The York and Helmsley (mis)Adventure

We still had nothing for breakfast when we woke up in Newcastle the next morning. At 7-ish, we went out once more looking hopefully for a Tesco that was open, and this time we found it. By the time we’d bought stuff and got back to the youth hostel and were ready to leave, it was just past 8. We had a bus to catch at 8.30, and the bus stand was a good 25 minute walk away. We rushed… And made it, but only just.

We arrived in York at 11.30 on a lovely Monday morning. We had missed the Tour de France by just a day, but York was still festive. There were hordes of tourists out with cameras slung around their necks and the sun was obligingly doing its bit to add to the festivities. We walked and wandered and roamed and lingered and took photos and even had ourselves a cup of afternoon tea and coffee. Rajashree was thrilled because we found Harry Potter’s Diagon Alley and a sweet shop that was just magical on its own merit. I tried liquorice and decided the kids wouldn’t like it, but I also went into every chocolate shop I saw and ended up buying two dark chocolate frogs for the kids.

York Minster

York Minster

York Minster

York Minster

There was this little toy train thingy that took people around York. I wasn’t in the least bit tempted to get in it, but it was worth a quick photo.


Then the driver called out to me, “Do it again. I wasn’t smiling.” What can you do when people and friendly and cheeky and sweet like that? I took another one.

Clifford Tower

As an aside, I was on a bus and munching on an apple. When I was done, I glanced about for a trash can – most of the long distance coaches have one. I didn’t see one, so I went to check with the driver. You know what he said, as I walked up to him brandishing the thoroughly eaten apple core? “No thanks. I just had lunch.” (Or words to that effect.) People were cheeky like that all over the place. It was nice.


Around 4.30 p.m., we decided it was time to find our way to Helmsley, where we were booked in the youth hostel for two nights. By 5 p.m. we had found our way back to the bus stand… Only to discover that we had missed the last bus to Helmsley by a few minutes!

What to do? We frantically rushed in to the railway station behind the bus stand to find other routes to Helmsley. To no avail. The bus information counter closed at 5. There were timetables available, but when we finally found the ones we wanted and deciphered them, they only said we were out of luck. The last bus to Helmsley from anywhere had either already gone, or would have gone by the time we reached its junction on some connecting bus that was yet to arrive.

What to do?

“Let’s call the Youth Hostel,” I suggested. “They should be able to tell us how to get to Helmsley from York at 5.30 on a Sunday afternoon.”

Of course I didn’t have the youth hostel number on the sheaf of printouts that I’d brought along. If Amit had been with me, he would have certainly had it. If he had been with me and I hadn’t had it, I would have certainly got an earful. But me? I was blase. Phone numbers can be easily found on the internet.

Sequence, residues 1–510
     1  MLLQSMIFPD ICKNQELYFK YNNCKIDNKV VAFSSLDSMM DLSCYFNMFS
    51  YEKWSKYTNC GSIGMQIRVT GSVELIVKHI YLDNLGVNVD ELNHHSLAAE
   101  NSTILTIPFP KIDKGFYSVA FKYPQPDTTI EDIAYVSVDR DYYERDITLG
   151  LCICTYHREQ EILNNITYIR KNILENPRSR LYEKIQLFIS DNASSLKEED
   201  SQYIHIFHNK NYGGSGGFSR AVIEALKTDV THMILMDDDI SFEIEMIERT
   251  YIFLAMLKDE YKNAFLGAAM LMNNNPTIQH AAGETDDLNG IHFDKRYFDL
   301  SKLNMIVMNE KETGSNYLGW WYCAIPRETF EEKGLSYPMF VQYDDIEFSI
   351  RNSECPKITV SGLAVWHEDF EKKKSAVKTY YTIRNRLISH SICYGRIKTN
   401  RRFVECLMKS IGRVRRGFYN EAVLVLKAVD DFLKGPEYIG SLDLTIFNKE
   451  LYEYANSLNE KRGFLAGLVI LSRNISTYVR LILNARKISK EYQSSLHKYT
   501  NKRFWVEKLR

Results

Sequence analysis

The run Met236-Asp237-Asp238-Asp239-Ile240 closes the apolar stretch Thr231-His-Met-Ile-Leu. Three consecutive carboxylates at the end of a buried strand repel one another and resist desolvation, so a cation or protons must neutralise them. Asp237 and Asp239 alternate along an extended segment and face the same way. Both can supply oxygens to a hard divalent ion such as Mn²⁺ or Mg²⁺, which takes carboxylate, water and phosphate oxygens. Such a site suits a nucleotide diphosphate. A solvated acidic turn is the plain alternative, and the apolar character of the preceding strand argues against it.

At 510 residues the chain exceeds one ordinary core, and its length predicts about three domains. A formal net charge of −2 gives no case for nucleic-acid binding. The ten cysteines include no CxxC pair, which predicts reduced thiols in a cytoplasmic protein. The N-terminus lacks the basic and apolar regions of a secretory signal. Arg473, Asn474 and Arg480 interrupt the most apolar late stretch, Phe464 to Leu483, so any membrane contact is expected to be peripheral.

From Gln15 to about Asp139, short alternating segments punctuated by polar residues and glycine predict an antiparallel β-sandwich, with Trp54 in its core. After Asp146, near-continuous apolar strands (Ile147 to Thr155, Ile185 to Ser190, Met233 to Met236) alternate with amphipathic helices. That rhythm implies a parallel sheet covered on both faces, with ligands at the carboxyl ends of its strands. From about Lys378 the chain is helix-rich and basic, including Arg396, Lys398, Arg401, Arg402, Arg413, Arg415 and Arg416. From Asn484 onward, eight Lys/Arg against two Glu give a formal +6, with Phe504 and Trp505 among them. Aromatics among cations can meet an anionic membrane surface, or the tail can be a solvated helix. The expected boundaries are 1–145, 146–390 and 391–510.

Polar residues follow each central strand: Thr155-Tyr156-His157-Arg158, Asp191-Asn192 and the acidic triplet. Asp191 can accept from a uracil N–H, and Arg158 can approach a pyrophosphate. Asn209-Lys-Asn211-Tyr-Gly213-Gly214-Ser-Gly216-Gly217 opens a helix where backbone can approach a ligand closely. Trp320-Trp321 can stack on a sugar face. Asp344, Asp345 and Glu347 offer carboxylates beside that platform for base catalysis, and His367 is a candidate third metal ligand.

Or can they?

Both our phones were being quite erratic. At that moment, my phone was working to make and receive calls, but Internet was not working. Thankfully, Internet was working on Rajashree’s phone (but, oddly enough, she couldn’t make calls). She found the YHA number online and I called them, rapidly eroding the meager balance on my pay-as-you-go prepaid card. The Youth Hostel guy said, take the train to Scarborough then take a bus in Pickering direction, then get off at Helmsley. Unfortunately, though, this was not exactly the Youth Hostel at Helmsley that I was speaking to, it was a Youth Hostel helpline, I gathered. They were only getting information off the net – from google maps, quite likely. So they had generic information, like distances and journey times, but they didn’t have the sort of information that a local would know. Like, for example, what time there would be a train to Scarborough from York, and what time the last bus from Scarborough towards Pickering would leave, and whether or not the former would get us to Scarborough in time to get on board the latter. Today.

Before I could finish this intriguing conversation, a bus arrived. Rajashree went to question the driver, while I listened with one ear on the phone and the other on the bus driver. He said that the bus would go to Pickering. Hearing a familiar name (the guy on the phone was saying Pickering only seconds earlier) I was all for getting on the bus and going as far as it would take us. The chap on the phone had said that getting to Scarborough would take 49 minutes and the bus to Pickering would take an hour and a half. If we had a bus that would get us directly to Pickering, it sounded like a good idea. However, the driver of the bus was kind enough to make a call (these buses have a phone on board), at the end of which he told us that by the time we reached Pickering, we would have missed (by about five minutes) the last bus from Pickering towards Helmsley. So basically, by about 7 p.m. we would be stranded at Pickering, a mere 10 miles from Helmsley. Too far to walk.